Treatments to prevent cue-induced relapse in abstinent cocaine users are urgently needed. In a rat model of persistent relapse vulnerability, extended access cocaine self-administration leads to a withdrawal-dependent "incubation" of cue-induced cocaine craving. After >1 month of withdrawal, incubation depends on increased synaptic strength in the nucleus accumbens (NAc) mediated by a very persistent elevation of high conductance Ca2+-permeable AMPARs (CP-AMPARs) and by related changes in group I metabotropic glutamate receptor (mGluR) function. Our objective is to determine if maintenance of these long-lasting adaptations depends on dysregulation of protein translation in the NAc. It is well established that dendrites contain mRNAs for AMPAR subunits and other synaptic proteins, and dendritic translation of these mRNAs (controlled by NMDARs and mGluRs) is critical for plasticity. However, nothing is known about whether synaptic transmission regulates translation in the NAc under normal conditions or if drugs of abuse produce persistent alterations in translation in the NAc or in any brain region. By focusing on these fundamental yet unexplored questions, we will advance our understanding of normal NAc function as well as cocaine addiction. Our central hypothesis is: 1) synaptic adaptations in the NAc of "incubated rats" depend upon dysregulated translation;2) this dysregulation is due to loss of inhibitory tone on protein translation normally provided by spontaneous NMDAR transmission (minis) and the resulting Ca2+ influx;and 3) loss of this inhibitory tone reflects increased levels of GluN3-containing NMDARs, which have very low Ca2+ permeability. We have 3 Aims. First, we will use metabolic labeling in brain slices to determine if the overall basal rate of protein translatio or the translation of key proteins (GluA1 or Arc) increases after incubation, and if NMDAR and mGluR1/5 regulation of translation is altered. Related questions will be studied in cultured NAc neurons, a system in which dendritic translation can be unequivocally measured. Second, array tomography and postembedding immunogold electron microscopy will be used to define expression and colocalization at the single synapse level of AMPAR subunits, NMDAR subunits, and group I mGluRs. We hypothesize that NAc synapses in "incubated rats" that are enriched for GluA1 relative to GluA2, indicative of CP-AMPARs, will also be enriched for GluN3. Third, whole-cell patch clamp recordings will determine if incubation is associated with an increased contribution of GluN3-containing NMDARs to synaptic transmission in the NAc, and whether mGluR1 stimulation, which removes CP-AMPARs from synapses, also removes GluN3-NMDARs. Overall, we are testing innovative hypotheses using state-of-the-art methods, several of which have never been applied to addiction research. Furthermore, given that fragile X research has identified aberrant protein translation as a viable therapeutic target, and given intriguing recent evidence that altered protein translation underlies the rapid antidepressant effect of ketamine, our findings will have broad significance for research aimed at normalizing aberrant protein translation in a variety of brain disorders.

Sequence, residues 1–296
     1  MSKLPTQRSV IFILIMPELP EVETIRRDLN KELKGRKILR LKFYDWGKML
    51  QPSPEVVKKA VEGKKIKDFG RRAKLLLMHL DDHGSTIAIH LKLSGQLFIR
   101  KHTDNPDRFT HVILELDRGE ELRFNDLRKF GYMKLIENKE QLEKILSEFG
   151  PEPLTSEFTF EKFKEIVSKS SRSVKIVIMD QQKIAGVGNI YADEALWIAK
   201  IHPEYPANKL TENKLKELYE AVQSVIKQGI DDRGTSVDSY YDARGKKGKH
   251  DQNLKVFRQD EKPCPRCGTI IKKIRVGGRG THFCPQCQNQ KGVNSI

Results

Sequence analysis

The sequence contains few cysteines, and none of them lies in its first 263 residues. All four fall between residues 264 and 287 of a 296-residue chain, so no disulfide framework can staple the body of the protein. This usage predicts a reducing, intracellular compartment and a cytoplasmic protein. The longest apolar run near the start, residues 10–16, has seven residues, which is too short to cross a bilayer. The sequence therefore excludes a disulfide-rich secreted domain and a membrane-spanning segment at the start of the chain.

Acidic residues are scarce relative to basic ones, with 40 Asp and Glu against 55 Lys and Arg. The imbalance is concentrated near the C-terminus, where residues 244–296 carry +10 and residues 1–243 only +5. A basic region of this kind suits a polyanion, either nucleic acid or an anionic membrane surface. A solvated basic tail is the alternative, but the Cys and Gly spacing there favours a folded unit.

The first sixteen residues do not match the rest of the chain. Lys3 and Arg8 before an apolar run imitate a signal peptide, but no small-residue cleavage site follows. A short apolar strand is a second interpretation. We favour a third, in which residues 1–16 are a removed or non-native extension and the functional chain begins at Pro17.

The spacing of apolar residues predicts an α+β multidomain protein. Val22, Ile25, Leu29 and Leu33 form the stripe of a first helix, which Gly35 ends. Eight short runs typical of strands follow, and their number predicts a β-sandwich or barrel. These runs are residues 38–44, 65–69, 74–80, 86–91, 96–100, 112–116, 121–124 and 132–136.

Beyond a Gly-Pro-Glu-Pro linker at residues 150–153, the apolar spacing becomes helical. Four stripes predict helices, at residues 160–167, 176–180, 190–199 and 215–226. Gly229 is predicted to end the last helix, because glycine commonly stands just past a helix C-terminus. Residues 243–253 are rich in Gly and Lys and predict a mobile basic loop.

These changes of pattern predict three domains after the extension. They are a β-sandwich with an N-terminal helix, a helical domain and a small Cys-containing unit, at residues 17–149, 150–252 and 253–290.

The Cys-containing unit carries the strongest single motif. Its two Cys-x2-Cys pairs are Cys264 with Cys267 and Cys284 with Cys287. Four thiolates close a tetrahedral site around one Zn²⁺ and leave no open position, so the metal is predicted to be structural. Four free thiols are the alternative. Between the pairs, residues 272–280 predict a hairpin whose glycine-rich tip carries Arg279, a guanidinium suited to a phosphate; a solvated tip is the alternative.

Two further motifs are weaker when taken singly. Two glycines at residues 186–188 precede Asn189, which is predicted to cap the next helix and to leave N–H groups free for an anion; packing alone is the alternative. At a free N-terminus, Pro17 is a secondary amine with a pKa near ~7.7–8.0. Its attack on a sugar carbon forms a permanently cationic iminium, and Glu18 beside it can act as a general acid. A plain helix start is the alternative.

In abstinent cocaine users, environmental cues associated with prior drug use are powerful triggers for relapse. The proposed research is relevant to NIH's mission of reducing the burden of illness because it explores the mechanisms that maintain persistent cocaine craving and vulnerability to relapse even after prolonged periods of abstinence. Because we are studying previously unexplored mechanisms for cocaine-induced plasticity, our results may lead to novel strategies for treating cocaine addiction.
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